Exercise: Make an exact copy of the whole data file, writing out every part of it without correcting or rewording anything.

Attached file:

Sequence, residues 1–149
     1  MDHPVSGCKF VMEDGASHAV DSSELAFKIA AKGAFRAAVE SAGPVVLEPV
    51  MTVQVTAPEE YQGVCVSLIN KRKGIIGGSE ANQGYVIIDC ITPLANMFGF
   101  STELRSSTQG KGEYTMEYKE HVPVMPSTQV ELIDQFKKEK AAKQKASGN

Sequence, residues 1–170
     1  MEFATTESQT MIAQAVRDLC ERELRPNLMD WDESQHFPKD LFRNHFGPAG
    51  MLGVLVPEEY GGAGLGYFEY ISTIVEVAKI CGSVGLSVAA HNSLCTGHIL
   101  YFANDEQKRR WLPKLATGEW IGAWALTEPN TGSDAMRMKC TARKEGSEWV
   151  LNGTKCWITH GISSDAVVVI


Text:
Sequence, residues 1–149
     1  MDHPVSGCKF VMEDGASHAV DSSELAFKIA AKGAFRAAVE SAGPVVLEPV
    51  MTVQVTAPEE YQGVCVSLIN KRKGIIGGSE ANQGYVIIDC ITPLANMFGF
   101  STELRSSTQG KGEYTMEYKE HVPVMPSTQV ELIDQFKKEK AAKQKASGN

Sequence, residues 1–170
     1  MEFATTESQT MIAQAVRDLC ERELRPNLMD WDESQHFPKD LFRNHFGPAG
    51  MLGVLVPEEY GGAGLGYFEY ISTIVEVAKI CGSVGLSVAA HNSLCTGHIL
   101  YFANDEQKRR WLPKLATGEW IGAWALTEPN TGSDAMRMKC TARKEGSEWV
   151  LNGTKCWITH GISSDAVVVI